Most people consider the kitchen to be the heartbeat of the home; the hub, the core, the grand central station. Ours is no different, except that I work in the middle of that grand central station.
This is useful for the people who live here, when those people can’t find their good jeans, their wallet or the car keys. It is useful for Maggie who thinks a keyboard is a cat bed. It is useful for those who are running late, are really hungry or need another word for “euphemism”.
It is not good for someone who works from their kitchen. I attempted to set up shop in another part of the house years ago, even going so far as to buying a lovely desk and cabinets. Ari, 18, loves it. It holds his computer perfectly. Somehow, a decade spent madly writing away in a cubbyhole in the kitchen works for me.
Because we are truly a modern family, I will often send the kids a text telling them dinner is ready if yelling hasn’t produced results. Christopher, 21, is on my Skype list, which means I can send him a message on his computer. It’s called Instant Messaging, but I call it instant ignoring. The other day, I told him to get his brother for dinner.
“Ari’s not answering me,” I told him.
“I’ll just hook you two up as Skype contacts, and you can tell him yourself,” he replied.
“I hate that stuff, I’d rather yell,” at which point, I yelled again. A few seconds later, Ari came down the stairs. I started telling him to get plates, when he passed me and went to his brother.
“What are you doing, putting her on my Skype list? Are you nuts?” I took offense to this. Though I’ve been known to send the occasional link to cute cat pictures, or really interesting news articles, I’ve never abused this privilege. Never.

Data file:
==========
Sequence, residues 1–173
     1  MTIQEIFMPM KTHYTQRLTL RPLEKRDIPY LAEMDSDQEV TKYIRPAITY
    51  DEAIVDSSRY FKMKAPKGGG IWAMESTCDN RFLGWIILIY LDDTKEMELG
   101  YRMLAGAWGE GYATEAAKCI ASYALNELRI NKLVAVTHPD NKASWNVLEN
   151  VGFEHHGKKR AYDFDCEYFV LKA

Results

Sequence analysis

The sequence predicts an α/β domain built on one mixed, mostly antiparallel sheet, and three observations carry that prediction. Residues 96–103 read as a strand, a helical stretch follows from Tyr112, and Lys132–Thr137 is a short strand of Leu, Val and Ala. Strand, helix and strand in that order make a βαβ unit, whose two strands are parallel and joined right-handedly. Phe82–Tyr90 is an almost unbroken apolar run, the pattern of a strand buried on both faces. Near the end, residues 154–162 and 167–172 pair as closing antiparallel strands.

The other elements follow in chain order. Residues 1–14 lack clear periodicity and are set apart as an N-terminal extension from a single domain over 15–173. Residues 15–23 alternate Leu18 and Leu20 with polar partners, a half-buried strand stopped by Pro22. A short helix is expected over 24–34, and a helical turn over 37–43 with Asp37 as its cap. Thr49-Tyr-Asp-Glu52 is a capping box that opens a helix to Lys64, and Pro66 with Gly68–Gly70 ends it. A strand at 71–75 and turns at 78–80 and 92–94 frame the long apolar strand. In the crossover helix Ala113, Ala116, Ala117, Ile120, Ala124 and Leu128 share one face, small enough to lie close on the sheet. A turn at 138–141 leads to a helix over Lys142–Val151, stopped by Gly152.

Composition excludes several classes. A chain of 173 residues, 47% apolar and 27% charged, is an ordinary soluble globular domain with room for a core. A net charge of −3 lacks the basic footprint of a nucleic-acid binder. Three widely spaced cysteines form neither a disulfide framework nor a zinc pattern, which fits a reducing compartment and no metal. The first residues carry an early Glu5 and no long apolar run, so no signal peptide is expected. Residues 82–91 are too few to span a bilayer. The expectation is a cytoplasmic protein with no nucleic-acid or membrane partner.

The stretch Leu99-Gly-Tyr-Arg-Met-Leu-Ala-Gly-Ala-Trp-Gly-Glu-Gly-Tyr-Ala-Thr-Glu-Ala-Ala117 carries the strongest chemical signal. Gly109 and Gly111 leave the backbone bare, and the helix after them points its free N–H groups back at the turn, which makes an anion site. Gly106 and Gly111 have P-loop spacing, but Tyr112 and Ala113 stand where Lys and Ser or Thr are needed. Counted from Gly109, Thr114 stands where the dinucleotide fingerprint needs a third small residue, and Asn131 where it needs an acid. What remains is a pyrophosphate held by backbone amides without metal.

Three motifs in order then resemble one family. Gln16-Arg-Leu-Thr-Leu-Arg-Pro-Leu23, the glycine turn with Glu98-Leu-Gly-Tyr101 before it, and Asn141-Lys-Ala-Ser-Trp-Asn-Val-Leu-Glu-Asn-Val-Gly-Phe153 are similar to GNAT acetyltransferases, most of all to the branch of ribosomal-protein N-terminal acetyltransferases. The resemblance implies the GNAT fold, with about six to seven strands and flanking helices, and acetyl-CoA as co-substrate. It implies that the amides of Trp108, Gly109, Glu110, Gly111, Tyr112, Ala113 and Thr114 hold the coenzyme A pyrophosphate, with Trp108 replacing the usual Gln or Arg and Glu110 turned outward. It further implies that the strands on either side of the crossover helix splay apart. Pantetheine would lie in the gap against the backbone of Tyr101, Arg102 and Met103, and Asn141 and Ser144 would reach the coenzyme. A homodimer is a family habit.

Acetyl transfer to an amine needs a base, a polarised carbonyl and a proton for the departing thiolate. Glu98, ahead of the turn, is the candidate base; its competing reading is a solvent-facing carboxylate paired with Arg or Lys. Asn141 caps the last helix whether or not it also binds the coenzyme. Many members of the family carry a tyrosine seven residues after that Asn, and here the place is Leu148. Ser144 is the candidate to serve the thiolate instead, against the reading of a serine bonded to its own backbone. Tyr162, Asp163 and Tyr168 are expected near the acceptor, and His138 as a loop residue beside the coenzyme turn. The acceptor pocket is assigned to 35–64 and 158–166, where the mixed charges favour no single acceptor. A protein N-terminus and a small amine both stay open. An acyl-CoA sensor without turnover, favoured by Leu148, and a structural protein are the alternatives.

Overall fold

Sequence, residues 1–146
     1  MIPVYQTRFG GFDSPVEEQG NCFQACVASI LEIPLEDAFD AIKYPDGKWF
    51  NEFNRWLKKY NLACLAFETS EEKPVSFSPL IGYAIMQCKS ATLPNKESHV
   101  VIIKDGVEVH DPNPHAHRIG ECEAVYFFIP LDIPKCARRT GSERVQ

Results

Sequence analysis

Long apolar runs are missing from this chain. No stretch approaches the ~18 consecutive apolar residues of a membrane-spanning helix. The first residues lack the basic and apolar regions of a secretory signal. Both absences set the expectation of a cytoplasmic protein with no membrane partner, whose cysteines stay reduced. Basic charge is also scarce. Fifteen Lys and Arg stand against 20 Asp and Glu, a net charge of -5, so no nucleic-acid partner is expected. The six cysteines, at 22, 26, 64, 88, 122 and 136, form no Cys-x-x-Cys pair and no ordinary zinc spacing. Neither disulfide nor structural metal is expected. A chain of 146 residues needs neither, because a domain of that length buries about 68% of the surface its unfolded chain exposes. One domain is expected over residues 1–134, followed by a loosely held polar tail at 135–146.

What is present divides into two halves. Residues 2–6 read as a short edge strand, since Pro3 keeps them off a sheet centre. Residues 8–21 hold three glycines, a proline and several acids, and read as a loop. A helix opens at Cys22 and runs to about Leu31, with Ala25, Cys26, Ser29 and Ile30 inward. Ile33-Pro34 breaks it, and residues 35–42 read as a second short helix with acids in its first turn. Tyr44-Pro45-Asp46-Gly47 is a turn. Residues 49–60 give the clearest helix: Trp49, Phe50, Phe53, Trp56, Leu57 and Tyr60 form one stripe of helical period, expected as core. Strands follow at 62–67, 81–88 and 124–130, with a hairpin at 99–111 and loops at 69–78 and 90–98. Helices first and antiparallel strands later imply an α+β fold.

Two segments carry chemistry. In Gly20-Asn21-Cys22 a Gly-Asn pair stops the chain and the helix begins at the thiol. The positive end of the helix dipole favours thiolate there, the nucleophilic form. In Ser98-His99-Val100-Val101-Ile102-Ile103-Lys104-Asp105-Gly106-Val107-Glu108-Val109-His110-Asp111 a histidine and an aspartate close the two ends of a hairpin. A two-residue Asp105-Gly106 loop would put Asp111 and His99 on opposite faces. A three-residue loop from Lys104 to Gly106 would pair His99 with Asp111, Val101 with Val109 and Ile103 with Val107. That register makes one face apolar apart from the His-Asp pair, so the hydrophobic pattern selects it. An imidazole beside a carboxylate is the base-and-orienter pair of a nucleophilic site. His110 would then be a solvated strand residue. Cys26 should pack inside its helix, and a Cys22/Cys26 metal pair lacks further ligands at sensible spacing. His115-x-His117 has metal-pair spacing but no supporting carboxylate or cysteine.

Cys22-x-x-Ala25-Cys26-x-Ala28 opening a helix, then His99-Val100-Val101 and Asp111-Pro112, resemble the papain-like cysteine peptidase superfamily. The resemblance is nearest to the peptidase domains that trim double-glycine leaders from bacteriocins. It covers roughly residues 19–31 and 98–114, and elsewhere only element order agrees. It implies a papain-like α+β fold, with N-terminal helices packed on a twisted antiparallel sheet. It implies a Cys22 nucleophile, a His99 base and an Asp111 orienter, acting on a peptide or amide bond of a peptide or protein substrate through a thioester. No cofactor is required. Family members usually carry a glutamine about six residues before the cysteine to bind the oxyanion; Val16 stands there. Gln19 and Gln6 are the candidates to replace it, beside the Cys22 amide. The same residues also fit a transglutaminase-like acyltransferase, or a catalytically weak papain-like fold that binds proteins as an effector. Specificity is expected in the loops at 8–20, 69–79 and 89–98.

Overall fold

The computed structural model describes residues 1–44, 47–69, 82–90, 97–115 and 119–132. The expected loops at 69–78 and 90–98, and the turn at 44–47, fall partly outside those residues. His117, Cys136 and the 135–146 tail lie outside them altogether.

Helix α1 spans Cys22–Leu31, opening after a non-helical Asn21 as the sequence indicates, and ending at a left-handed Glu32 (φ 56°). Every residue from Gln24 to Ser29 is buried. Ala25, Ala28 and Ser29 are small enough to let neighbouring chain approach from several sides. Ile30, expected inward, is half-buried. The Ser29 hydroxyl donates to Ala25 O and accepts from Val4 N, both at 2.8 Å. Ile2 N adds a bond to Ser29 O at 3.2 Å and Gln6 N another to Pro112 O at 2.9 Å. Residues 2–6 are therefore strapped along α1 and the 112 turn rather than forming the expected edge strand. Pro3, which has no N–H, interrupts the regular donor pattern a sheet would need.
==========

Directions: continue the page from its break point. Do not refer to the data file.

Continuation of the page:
“She’ll start sending me pictures of Maggie!” he went on. Maggie and I glanced at each other, wondering what the downside of this was.
“Don’t worry, she’ll only do it on her big computer. She hasn’t figured that out on her iPad,” replied Christopher, as if I wasn’t in the room.
Horribly insulted, I announced my leave-taking and told them to do the dishes. If my computer is on, I’m working, thinking about work, or avoiding work. When dinner is over, I shut it all down and leave the room.
This frees up the best chair in the house. My office chair. Christopher is usually at the dining room table in the evenings. He sits on a normal wooden chair, until the magic moment I sigh loudly and announce I’m heading upstairs. He asks if I had a productive day, if he can pour me some wine, or if he can tidy up after dinner. I’m lying; he doesn’t do any of those things. He grabs my chair.
He calls shutting down my computer the closing ceremonies. He tells Maggie to get Mommy to go to bed; yes, in my head my cats call me Mommy, though in their heads they probably call me Food Woman. I’m aware. I sit in my kitchen all day and go to bed at 7pm – you expected something different?
As Christopher made a beeline for my chair, I hesitated.
“Wait. This is stupid. I can’t become that woman who drinks tea all day and talks to her cats and goes to bed early. That’s pathetic. I mean, think about it, Christopher, where will that leave us?”
“It’ll leave me in your chair,” he replied.